Top 10 things to know about the Thrift Savings Plan
10. This is your spouses’ plan, so why should it matter to you? Odds are you will outlive your spouse and will need a secure retirement to provide for your life expectancy. As of 2010 there are 40,000 people in the US over the age of 100 and 85% of them are women.
9. Why contribute to your TSP? Even if your spouse earns a military retirement it may not be enough. As it stands military retirement is 50% of base pay after 20 years, increasing 2.5% per year thereafter. If your spouse retires in 2012 at 20 years as an O5 this is approximately $45,000 per year pre-tax, depending on inflation, pay raise assumptions and how you calculate the retirement. As an example, if you were a 20 year active duty O5 with dependents living Colorado Springs you just got a 63% pay cut from your previous compensation of $121,608.
8. The good news! You probably need to save less than families that don’t have a military pension. If you want to live on approximately $100,000 pre-tax at age 65, how much should you have saved today to be on track for that? Assume you are 35, you are on track for a 20 year military pension, you should have about $90,000 saved for retirement based on the above hypothetical assumptions. If you are 45 you should have about $278,000 saved. This assumes a 15% savings rate for retirement and a projected annual growth of 5% to achieve your goal at age 65, including Social Security. If you don’t think Social Security will be around for you in the same form it is today, start saving about 5 - 10% more.
7. The most your spouse can contribute to the TSP is $17,000, $22,500 if over age 50, in 2012. If you contribute the maximum, this comes out to $1,416 pre-tax per month, $1,875 if over 50. A little trick that I like to use is to max it out over 11 months and have approximately an extra $1,000 of take-home pay in December, a consistently expensive month. If your spouse is deployed to a tax-free combat zone they have the potential to save $50,000 to the TSP in 2012!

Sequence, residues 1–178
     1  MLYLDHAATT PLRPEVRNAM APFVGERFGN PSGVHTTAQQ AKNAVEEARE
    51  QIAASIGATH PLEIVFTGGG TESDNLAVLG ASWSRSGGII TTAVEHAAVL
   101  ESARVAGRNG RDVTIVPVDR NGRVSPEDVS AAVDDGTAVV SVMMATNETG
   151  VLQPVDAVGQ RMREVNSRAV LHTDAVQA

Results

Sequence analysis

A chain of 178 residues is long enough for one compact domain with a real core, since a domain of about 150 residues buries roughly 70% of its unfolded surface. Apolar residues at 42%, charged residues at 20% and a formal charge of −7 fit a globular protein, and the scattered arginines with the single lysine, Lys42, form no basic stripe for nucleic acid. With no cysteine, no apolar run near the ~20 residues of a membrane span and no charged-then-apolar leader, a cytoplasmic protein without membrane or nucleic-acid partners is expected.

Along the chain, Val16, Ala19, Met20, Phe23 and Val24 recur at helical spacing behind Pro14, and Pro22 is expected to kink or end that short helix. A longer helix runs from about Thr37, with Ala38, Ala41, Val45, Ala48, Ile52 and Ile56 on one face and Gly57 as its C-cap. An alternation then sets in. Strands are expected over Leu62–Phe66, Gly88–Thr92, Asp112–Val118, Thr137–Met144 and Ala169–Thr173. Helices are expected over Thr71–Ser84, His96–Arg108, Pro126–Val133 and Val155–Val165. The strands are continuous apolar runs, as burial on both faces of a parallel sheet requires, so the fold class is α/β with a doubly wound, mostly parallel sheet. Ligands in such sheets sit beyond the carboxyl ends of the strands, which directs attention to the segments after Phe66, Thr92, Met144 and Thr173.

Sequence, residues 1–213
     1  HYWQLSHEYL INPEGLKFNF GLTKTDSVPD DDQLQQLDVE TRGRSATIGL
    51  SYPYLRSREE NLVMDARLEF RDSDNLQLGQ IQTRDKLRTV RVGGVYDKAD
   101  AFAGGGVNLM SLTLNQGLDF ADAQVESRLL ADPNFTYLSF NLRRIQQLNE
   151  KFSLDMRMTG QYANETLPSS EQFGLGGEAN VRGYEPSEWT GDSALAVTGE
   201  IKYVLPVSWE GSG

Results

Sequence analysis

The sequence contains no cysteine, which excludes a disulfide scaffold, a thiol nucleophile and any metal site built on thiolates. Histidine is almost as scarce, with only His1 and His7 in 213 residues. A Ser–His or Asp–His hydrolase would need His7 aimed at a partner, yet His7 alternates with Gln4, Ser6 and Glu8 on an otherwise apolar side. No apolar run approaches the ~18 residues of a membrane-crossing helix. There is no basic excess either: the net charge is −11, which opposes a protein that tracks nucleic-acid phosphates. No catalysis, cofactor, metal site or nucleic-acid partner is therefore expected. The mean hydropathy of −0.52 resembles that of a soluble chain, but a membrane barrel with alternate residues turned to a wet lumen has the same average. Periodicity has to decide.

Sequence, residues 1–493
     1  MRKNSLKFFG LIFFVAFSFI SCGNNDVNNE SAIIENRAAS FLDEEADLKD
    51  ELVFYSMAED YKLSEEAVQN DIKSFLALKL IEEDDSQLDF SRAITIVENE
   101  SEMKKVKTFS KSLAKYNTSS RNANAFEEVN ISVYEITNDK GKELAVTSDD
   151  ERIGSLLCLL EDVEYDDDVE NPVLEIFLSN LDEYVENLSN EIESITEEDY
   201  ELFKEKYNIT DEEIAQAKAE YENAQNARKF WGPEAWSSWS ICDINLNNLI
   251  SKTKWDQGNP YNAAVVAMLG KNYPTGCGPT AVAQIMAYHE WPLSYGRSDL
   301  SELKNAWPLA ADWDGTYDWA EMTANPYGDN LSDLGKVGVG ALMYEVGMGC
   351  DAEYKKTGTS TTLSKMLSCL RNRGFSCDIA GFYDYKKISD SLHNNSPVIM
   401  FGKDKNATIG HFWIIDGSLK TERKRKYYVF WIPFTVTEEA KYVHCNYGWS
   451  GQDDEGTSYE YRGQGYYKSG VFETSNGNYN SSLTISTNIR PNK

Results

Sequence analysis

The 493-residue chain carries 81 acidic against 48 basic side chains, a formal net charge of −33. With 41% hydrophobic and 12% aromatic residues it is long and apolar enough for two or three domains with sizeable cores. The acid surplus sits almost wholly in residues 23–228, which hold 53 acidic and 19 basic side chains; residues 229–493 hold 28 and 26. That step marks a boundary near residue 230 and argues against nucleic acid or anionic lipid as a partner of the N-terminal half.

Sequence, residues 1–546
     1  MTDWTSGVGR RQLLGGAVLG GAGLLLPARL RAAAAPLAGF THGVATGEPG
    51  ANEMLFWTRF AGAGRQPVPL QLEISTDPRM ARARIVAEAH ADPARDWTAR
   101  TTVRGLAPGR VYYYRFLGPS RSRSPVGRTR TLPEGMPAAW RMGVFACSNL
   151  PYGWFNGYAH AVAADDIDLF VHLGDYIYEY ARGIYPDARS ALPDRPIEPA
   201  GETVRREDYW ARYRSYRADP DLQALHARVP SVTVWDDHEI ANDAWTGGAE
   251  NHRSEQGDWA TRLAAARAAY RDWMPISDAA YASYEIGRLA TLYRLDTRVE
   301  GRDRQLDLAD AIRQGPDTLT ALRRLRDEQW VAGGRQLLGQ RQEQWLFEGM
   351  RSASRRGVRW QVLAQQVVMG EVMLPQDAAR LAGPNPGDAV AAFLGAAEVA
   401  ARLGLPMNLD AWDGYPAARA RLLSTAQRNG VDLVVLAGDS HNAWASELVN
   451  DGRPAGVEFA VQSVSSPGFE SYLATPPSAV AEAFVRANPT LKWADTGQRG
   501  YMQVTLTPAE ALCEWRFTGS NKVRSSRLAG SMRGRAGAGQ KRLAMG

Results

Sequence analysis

6. If your spouse has not filled out Form TSP-3 at the time of their death, the money in the TSP will go to you. If you are not alive it will go to your kids, if any kids have passed to their offspring. If you don’t have kids then to your spouses’ parents equally. If this is not how you want it or you have a non-traditional family, make sure to fill out Form TSP-3.
5. Your retirement assets are excluded in the calculation of your Expected Financial Contribution (EFC) when applying for financial aid for college. So, any money in your TSP will not be counted as an asset you are expected to contribute.
4. The TSP has 10 investment options. The Government (G), Fixed Income (F), Small Cap (S), Common Stock (C), International (I) and the Lifecycle Funds (L) - Income, 2020, 2030, 2040 and 2050. The L funds are just different combinations and weightings of the G, F, S, C, and I funds. While they are called funds, they are not actually mutual funds. You cannot buy the C fund in your own Roth IRA and they are only available in this form through the TSP. These are trust funds that are managed by BlackRock Institutional Trust Company.
3. The TSP is an investment account, not a savings account. You need to understand what your risk tolerance and time horizon is for retirement to determine how you should be invested.
2. The Thrift Savings Plan is introducing a Roth TSP in spring 2012. The TSP vs. the Roth TSP will be addressed next month in detail but this may be a very good option to consider for your family’s retirement savings.
1. Be the financially secure 65 year old couple that you admire today. Start saving now and be a happy family for years to come. Remember, the best financial gift you can give to your kids is that they won’t have to take care of mom and dad.